Kashmir: India-Pakistan tensions flare as more soldiers are killed in gun battle | World News
Tensions in the disputed Kashmir region have escalated further after four Indian soldiers, three suspected militants, a police official and a civilian were killed during a gun battle.
The nine deaths come after a local Kashmiri militant rammed a van fitted with explosives into a paramilitary bus on Thursday, killing at least 40 soldiers.
The suicide bombing was the worst attack against Indian government forces in Kashmir’s history.
Security officials said the latest fighting broke out after government forces surrounded a village in the region of southern Pulwama, following a tip-off that militants were hiding out there.
Monday’s violence saw a senior police officer, an army officer and another three soldiers wounded.
Police said troops had come under heavy gunfire as they started conducting searches.
Residents reported troops destroying one house with explosives during the stand-off.
The bodies of two militants were recovered from the debris and a civilian was killed in the crossfire, according to police.
Among the soldiers killed in the gun battle was an Indian army major. One of the wounded soldiers is reportedly in a critical condition.
Anti-India protests and clashes followed the fighting, with residents – mainly young people – trying to march to the site of the stand-off in solidarity with the rebels.
Government troops fired tear gas at the protesters, who were reportedly throwing stones.
India has blamed Pakistan over Thursday’s suicide bombing as tensions continue to grow between the neighbouring nations.
New Delhi has promised a “jaw-breaking response” to the attack.
However, Pakistan has warned India not to link it with the bombing without an investigation and said it was part of New Delhi’s “known rhetoric and tactics” to divert attention from human rights violations in Kashmir.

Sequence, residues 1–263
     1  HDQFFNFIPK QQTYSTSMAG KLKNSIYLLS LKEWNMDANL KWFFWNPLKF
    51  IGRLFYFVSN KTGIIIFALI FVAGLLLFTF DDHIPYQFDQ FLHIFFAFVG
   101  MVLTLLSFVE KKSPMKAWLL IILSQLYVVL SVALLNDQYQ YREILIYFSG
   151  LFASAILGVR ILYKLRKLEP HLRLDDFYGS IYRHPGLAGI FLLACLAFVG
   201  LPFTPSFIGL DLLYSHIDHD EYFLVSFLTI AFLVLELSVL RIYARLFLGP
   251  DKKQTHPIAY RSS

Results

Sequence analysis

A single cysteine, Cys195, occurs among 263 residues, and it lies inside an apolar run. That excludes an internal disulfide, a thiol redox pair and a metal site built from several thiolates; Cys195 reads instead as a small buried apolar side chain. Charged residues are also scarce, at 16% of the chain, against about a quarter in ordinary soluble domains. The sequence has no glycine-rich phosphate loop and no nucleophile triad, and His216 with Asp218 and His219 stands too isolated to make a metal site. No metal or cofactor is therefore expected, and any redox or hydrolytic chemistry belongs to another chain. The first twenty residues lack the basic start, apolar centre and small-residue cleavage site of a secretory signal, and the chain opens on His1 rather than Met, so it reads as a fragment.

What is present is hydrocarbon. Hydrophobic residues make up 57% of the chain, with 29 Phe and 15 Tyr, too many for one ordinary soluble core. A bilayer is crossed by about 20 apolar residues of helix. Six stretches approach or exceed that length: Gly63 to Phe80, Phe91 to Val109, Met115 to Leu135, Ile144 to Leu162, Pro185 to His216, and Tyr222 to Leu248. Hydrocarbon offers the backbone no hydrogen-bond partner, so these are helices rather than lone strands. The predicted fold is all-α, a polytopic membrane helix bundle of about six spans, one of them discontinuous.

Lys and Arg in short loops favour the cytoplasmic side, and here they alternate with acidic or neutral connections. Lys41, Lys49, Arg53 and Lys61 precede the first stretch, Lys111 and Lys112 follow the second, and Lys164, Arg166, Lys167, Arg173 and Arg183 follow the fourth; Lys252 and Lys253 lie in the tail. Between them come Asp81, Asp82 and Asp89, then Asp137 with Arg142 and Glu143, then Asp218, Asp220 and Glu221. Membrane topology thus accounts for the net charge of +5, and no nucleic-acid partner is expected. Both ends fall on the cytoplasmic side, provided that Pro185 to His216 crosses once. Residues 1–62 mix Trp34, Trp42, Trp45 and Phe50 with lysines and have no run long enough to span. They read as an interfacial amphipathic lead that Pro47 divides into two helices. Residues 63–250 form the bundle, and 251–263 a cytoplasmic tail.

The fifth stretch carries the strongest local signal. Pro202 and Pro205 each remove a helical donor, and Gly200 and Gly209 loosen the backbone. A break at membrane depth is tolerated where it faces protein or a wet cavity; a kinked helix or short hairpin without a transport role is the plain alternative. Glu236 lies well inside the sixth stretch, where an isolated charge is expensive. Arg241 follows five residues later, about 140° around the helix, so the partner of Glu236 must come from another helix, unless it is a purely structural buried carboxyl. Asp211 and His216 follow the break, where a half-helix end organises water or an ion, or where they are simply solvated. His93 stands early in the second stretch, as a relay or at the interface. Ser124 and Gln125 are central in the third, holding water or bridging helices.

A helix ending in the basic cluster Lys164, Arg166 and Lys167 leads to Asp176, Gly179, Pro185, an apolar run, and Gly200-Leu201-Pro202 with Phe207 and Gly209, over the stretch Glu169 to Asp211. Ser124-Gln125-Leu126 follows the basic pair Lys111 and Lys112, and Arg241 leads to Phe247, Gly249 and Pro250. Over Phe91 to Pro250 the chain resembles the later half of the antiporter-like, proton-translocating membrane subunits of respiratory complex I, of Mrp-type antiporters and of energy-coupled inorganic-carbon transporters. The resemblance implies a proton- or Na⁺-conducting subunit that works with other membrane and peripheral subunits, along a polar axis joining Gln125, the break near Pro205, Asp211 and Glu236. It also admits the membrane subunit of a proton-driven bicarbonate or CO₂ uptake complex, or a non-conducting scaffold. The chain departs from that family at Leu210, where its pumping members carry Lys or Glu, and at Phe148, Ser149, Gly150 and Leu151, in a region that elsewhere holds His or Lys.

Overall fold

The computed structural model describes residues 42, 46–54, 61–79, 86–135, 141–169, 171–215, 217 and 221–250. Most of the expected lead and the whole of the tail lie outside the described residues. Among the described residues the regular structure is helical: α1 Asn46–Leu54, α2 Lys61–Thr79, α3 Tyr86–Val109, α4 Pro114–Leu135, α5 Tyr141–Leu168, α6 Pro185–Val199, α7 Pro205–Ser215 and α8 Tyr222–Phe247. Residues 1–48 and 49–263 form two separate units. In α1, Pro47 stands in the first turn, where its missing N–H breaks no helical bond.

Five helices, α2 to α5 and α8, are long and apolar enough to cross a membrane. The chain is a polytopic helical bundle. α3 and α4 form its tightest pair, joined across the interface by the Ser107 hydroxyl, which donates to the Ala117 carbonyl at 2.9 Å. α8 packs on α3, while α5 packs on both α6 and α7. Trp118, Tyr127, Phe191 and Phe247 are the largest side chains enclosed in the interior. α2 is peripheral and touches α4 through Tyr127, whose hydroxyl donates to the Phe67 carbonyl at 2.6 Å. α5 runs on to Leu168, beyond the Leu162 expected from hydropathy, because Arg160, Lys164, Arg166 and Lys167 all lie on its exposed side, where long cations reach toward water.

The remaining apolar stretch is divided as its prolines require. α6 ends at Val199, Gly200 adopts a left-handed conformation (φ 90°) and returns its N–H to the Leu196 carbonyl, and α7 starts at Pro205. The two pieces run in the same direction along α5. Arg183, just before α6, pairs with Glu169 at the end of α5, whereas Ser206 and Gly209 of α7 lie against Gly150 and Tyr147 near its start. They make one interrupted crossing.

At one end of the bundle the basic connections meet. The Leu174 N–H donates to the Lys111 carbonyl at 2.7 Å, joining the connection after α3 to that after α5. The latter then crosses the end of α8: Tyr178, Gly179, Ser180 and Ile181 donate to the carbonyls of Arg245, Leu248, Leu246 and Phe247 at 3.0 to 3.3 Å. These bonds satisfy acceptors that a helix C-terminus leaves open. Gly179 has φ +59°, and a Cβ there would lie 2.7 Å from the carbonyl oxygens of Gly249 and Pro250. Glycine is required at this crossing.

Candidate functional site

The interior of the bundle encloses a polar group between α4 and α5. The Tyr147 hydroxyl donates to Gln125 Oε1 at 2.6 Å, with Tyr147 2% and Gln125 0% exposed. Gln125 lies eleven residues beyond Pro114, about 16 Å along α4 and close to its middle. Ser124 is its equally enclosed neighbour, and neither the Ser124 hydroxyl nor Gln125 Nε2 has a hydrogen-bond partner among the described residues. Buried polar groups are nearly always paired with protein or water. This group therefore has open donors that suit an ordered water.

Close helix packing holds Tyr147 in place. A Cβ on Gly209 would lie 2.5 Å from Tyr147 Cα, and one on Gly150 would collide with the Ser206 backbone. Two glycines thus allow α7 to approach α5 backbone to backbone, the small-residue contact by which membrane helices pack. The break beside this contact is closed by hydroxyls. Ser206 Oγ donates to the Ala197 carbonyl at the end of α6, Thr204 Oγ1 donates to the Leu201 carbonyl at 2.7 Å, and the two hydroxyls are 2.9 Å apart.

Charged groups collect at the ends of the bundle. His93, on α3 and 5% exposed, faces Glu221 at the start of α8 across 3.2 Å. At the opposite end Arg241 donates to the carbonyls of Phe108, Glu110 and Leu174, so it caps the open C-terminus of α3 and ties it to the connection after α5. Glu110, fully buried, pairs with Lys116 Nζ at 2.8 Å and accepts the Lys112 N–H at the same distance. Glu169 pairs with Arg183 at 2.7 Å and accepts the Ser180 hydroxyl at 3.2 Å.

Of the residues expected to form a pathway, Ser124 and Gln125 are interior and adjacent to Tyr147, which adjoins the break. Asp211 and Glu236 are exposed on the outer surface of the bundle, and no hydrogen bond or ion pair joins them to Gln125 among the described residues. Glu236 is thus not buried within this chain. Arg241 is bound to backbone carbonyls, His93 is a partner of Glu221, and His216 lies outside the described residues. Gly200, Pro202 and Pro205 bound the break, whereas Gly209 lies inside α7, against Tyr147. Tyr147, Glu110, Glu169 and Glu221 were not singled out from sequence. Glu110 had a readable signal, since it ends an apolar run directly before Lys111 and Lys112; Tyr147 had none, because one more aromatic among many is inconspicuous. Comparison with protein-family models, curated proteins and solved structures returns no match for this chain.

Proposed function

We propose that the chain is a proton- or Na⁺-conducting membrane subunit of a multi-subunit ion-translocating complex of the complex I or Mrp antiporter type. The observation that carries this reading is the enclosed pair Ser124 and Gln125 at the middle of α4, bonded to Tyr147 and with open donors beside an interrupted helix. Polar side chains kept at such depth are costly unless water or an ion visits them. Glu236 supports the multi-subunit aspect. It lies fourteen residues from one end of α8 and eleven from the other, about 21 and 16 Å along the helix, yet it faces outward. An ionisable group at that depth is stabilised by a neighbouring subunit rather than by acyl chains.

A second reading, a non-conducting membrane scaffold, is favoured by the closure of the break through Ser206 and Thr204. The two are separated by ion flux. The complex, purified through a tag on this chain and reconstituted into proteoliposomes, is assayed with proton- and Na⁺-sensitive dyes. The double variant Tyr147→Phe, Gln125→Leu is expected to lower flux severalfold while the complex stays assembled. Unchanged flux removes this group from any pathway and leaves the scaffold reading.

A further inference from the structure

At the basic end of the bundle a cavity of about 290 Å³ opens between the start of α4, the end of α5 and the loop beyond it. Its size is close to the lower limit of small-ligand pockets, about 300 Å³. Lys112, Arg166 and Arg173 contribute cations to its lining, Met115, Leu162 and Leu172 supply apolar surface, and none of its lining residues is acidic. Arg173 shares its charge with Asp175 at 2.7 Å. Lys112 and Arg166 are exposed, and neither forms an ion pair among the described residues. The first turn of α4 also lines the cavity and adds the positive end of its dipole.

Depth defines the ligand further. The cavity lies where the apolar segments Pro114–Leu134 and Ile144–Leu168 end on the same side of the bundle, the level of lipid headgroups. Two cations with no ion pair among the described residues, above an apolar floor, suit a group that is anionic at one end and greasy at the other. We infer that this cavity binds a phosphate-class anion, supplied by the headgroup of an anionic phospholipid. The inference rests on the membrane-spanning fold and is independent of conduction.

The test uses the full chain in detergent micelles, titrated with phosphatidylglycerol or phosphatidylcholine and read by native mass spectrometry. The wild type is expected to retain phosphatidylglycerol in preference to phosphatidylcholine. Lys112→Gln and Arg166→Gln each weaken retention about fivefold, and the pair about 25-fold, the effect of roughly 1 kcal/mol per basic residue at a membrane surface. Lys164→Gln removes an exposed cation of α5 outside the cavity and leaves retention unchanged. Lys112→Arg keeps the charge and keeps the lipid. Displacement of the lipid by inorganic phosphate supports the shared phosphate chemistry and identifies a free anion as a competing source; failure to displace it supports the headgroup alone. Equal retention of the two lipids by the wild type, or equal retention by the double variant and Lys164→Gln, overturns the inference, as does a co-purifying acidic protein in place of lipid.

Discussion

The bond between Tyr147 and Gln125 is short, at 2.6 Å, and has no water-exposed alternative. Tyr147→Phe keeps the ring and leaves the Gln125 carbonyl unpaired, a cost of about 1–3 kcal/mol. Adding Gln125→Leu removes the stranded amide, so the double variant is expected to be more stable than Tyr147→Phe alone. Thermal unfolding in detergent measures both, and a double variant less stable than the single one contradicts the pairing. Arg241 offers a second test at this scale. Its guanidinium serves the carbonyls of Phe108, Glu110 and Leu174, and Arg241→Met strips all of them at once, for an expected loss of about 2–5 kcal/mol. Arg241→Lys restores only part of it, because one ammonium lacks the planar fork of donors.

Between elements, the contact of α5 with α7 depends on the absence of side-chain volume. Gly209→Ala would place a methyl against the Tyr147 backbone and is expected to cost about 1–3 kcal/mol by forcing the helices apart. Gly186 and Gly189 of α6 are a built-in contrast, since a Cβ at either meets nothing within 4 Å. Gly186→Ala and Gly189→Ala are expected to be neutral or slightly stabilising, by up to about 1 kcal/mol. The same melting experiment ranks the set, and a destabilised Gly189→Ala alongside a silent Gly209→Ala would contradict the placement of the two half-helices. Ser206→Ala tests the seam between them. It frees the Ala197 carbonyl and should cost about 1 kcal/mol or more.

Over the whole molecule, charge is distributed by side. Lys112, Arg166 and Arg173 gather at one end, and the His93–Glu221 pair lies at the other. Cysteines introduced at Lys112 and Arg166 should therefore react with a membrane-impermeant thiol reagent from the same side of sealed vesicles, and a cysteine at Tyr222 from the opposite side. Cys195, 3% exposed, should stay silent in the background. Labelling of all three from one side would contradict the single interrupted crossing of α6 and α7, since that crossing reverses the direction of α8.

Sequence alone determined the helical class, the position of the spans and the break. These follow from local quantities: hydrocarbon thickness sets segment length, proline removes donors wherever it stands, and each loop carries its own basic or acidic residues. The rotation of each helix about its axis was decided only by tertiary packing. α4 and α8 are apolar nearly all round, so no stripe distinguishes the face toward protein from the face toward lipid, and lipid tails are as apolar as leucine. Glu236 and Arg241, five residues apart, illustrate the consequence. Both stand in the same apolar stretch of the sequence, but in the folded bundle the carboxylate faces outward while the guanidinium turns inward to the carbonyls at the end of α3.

Both India and Pakistan administer part of Kashmir but both sides claim the entire region belongs to them.
Poland pulls out of Israel summit after ‘racist’ comments in row over Holocaust | World News
The Polish prime minister has cancelled plans to send a delegation to Jerusalem after the acting Israeli foreign minister said Poles “sucked antisemitism from their mothers’ milk”.
Mateusz Morawiecki had already pulled out of a meeting with Israeli prime minister Benjamin Netanyahu and leaders of four central European nations, following a comment by the Israeli leader last week that “Poles collaborated with the Nazis”.
Poland’s foreign minister Jacek Czaputowicz had been chosen to take the prime minister’s place at the meeting on Monday and Tuesday but has now cancelled the Polish participation altogether.
Israel Katz, acting foreign minister in Israel, said in an interview on Sunday: “I am the son of Holocaust survivors.
“The memory of the Holocaust is not something to compromise about. It is obvious. We will not forget, and we will not forgive.
“Poles collaborated with the Nazis, definitely. Collaborated with the Nazis. As (former Israeli prime minister) Yitzhak Shamir said – his father was murdered by Poles – he said that from his point of view they sucked antisemitism with their mothers’ milk.
“You can’t sugarcoat this history.”
It was Mr Katz’s first interview since being made acting foreign minister on Sunday.
Mr Morawiecki called the comments “racist” and “completely unacceptable”.